Graduating from university is a thrilling and slightly overwhelming moment – after years of study it is time to get out there and get a job, yet this is not always as straightforward as it sounds.

Where university has a fairly clear path – even if there were lots of individual unit choices to be made – the route to a fruitful career is not quite so structured. There are many vocational degrees that naturally lend themselves to further study or a profession (law or medicine, for example), but plenty of other subjects just show you are interested and knowledgeable about a topic, without necessarily being suited for a specific job role.

There is no denying that a degree is still a worthwhile qualification, particularly in a tough jobs market, since it demonstrates that you have the discipline to learn and the ability to achieve something challenging. One sector that may well present itself as you search for a job following your studies is property…

Getting into property

There are differing opinions as to whether you need a degree to get into property; naturally, more traditionally trained positions such as chartered surveyors require extensive study, but entry-level roles in sales or lettings are often open to non-graduates. However, in a competitive jobs market, firms know they can seek out the best and so can actively specify candidates with a degree to their name.

Some people may have actually done a degree in a property-related subject, but even those who have something less relevant on their CV could find they are well suited to the sector. In many positions, what matters most is a person’s ability to make a sale, complete a let or satisfy an irate customer. A degree opens the door, but it is a graduate’s natural enthusiasm and competence that secures them a long-term position – as well as higher financial compensation.

Whether it is property management, sales, lettings or any other sub-sector of the property sphere, plenty of graduates in recent years have ended up in this industry. In some ways, it lends itself well to a graduate mindset; often former students are keen to avoid the archetypal nine-to-five desk job, which is rarely the form in property roles.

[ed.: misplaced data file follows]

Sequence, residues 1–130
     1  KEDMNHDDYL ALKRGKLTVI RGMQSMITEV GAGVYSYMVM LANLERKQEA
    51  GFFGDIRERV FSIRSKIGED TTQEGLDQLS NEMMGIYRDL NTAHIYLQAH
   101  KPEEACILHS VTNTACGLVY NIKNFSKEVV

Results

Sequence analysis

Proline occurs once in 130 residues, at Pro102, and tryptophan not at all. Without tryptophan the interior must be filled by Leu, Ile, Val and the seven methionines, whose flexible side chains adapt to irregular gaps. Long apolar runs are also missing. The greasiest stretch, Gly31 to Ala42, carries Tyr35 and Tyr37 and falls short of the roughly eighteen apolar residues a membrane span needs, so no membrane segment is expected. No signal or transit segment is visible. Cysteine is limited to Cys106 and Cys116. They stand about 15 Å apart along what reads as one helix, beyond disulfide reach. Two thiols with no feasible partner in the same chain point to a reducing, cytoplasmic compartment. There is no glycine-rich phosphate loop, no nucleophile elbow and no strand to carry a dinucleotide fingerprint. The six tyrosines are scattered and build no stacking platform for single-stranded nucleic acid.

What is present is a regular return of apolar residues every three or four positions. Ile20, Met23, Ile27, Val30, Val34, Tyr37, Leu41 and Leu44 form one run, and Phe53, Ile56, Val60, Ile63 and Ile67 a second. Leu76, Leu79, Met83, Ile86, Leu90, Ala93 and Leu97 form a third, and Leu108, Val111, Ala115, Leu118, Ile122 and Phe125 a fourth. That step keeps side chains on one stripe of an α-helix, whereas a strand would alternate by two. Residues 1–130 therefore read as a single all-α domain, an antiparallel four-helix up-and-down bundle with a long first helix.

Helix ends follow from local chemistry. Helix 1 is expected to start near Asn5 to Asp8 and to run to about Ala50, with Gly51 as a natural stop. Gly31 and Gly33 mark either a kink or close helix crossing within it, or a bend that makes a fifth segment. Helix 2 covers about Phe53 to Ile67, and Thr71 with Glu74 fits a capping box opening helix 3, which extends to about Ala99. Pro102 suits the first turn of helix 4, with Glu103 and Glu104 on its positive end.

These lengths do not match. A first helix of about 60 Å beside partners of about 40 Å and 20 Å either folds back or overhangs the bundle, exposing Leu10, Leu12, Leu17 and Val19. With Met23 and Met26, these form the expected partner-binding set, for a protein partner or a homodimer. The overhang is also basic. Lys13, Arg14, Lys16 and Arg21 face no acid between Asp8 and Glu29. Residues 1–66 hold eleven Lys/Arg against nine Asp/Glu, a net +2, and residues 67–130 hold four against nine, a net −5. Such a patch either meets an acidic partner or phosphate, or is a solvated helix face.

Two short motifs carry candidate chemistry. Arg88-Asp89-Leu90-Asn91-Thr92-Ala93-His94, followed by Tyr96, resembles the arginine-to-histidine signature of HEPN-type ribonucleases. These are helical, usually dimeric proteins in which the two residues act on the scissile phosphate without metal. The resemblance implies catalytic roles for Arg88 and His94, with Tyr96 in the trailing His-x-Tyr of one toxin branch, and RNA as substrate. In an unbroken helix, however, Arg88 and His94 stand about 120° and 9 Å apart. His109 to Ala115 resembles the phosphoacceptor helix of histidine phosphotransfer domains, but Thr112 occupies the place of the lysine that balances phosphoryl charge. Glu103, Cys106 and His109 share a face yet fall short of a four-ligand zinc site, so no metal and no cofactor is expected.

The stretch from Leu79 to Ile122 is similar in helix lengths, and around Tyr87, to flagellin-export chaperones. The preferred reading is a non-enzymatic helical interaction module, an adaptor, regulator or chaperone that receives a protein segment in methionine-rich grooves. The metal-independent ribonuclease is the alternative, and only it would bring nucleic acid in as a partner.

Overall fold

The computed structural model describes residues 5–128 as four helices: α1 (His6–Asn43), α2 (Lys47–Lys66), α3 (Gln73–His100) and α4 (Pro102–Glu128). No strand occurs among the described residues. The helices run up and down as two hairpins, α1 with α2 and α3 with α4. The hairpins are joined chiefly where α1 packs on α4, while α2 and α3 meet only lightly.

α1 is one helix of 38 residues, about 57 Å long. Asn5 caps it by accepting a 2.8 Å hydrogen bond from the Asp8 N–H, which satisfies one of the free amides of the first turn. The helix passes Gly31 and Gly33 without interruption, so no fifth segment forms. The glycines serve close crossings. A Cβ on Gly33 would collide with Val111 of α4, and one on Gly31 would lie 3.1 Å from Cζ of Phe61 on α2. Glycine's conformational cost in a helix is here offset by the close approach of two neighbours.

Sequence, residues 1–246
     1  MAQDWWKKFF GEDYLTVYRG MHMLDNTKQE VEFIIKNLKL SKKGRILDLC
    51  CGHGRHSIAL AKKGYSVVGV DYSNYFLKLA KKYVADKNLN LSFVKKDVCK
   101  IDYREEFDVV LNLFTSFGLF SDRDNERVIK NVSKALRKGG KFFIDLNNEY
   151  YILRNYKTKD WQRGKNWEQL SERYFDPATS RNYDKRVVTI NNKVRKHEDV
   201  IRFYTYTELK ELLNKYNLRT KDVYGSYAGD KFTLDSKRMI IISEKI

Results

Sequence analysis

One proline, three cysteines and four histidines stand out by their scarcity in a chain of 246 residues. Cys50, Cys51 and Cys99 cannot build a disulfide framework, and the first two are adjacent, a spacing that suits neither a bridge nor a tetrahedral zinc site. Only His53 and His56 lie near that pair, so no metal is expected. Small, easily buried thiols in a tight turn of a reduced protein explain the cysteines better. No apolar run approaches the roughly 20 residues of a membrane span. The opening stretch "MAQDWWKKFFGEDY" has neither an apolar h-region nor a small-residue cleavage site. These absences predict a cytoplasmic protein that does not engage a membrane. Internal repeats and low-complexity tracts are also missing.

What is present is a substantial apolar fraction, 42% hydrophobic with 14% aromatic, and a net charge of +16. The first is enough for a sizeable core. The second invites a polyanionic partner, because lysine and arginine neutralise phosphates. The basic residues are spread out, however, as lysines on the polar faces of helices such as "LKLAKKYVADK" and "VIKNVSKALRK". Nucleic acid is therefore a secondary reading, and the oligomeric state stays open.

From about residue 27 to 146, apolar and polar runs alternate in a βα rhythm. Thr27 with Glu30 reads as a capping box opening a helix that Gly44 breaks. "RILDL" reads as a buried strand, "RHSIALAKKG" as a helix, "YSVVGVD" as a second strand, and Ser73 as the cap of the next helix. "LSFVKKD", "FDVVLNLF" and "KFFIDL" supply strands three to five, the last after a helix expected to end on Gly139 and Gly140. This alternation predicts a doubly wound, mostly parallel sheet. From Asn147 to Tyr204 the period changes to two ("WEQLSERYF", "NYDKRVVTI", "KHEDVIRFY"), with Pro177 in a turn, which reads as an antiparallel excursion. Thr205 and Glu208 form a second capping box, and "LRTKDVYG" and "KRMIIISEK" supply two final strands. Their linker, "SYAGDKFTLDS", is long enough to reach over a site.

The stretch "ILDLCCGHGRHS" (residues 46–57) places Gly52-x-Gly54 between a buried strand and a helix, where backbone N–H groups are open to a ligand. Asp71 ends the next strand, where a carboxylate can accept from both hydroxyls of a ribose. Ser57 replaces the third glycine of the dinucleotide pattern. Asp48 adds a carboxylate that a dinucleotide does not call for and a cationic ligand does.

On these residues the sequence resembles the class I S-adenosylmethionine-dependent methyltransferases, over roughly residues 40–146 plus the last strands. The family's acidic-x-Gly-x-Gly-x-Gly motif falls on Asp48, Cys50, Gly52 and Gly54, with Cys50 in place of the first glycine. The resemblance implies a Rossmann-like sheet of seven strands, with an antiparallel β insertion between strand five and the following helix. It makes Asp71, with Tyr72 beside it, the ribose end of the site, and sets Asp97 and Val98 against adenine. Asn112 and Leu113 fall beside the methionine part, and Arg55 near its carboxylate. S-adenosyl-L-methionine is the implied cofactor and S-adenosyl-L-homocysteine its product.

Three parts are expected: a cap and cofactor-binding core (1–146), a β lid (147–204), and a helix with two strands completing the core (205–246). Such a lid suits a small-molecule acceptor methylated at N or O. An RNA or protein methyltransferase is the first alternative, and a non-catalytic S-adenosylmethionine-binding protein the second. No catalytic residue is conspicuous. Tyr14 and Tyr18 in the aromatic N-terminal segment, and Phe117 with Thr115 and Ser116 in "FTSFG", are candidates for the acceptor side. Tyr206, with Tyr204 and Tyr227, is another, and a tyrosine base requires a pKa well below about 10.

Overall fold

In terms of actually securing employment, it always helps to sign up with a recruitment agency, but also see if you can do an internship or get some work experience in a firm. This type of thing will help boost your CV, particularly if your degree subject is not hugely related.

Graduates in property

Modern university life revolves around meeting people, seeing places and discussing shared experiences. While a property job is not the employment equivalent of backpacking around Europe or debating the politics of Karl Marx, there is a real sense that no two days are the same – and people are central to almost everything that is done.

Granted, there is paperwork to be done – just like the vast majority of jobs – but so much of the work involves speaking to people and visiting the properties being discussed – often needing to work out problems relating to regulations or special requests. This combination can be very attractive, particularly when you take into account that there are a real range of roles to aim for once you are on the ladder.

Another factor that plays a part is money. University students may not be as poor as they once were (their student loans will often keep city economies afloat these days!), but they never have much to spare. The low pay-high commission standard that is common in many property roles means that there is a very real link between workplace success and how much cash goes in your wallet – a breath of fresh air after the low financial reward of academic success…

The world of work

Not all graduates in property jobs set out to work in property originally; this is a fact. If your degree is not in a vocational subject, then you might find yourself unsure of which way to turn for a satisfying career. In fact, Office for National Statistics figures from 2012 reveal that one in five new graduates were unemployed after leaving education, which highlights how tough it is out there for students when they hit the world of work.

Importantly, some graduates find that their employment opportunities are restricted by their expectations; perhaps they are not willing to move to London for work (21 per cent of graduate jobs in 2010/11 were in the South East, says the Higher Education Careers Services Unit), or they are not interested in looking at ‘related’ jobs or entirely new sectors.

A degree is a sign that you have the potential to be a committed worker, but this potential needs a platform on which to be realised – make sure you explore every avenue and find a job that fits what you want from your career. A property role could provide just that.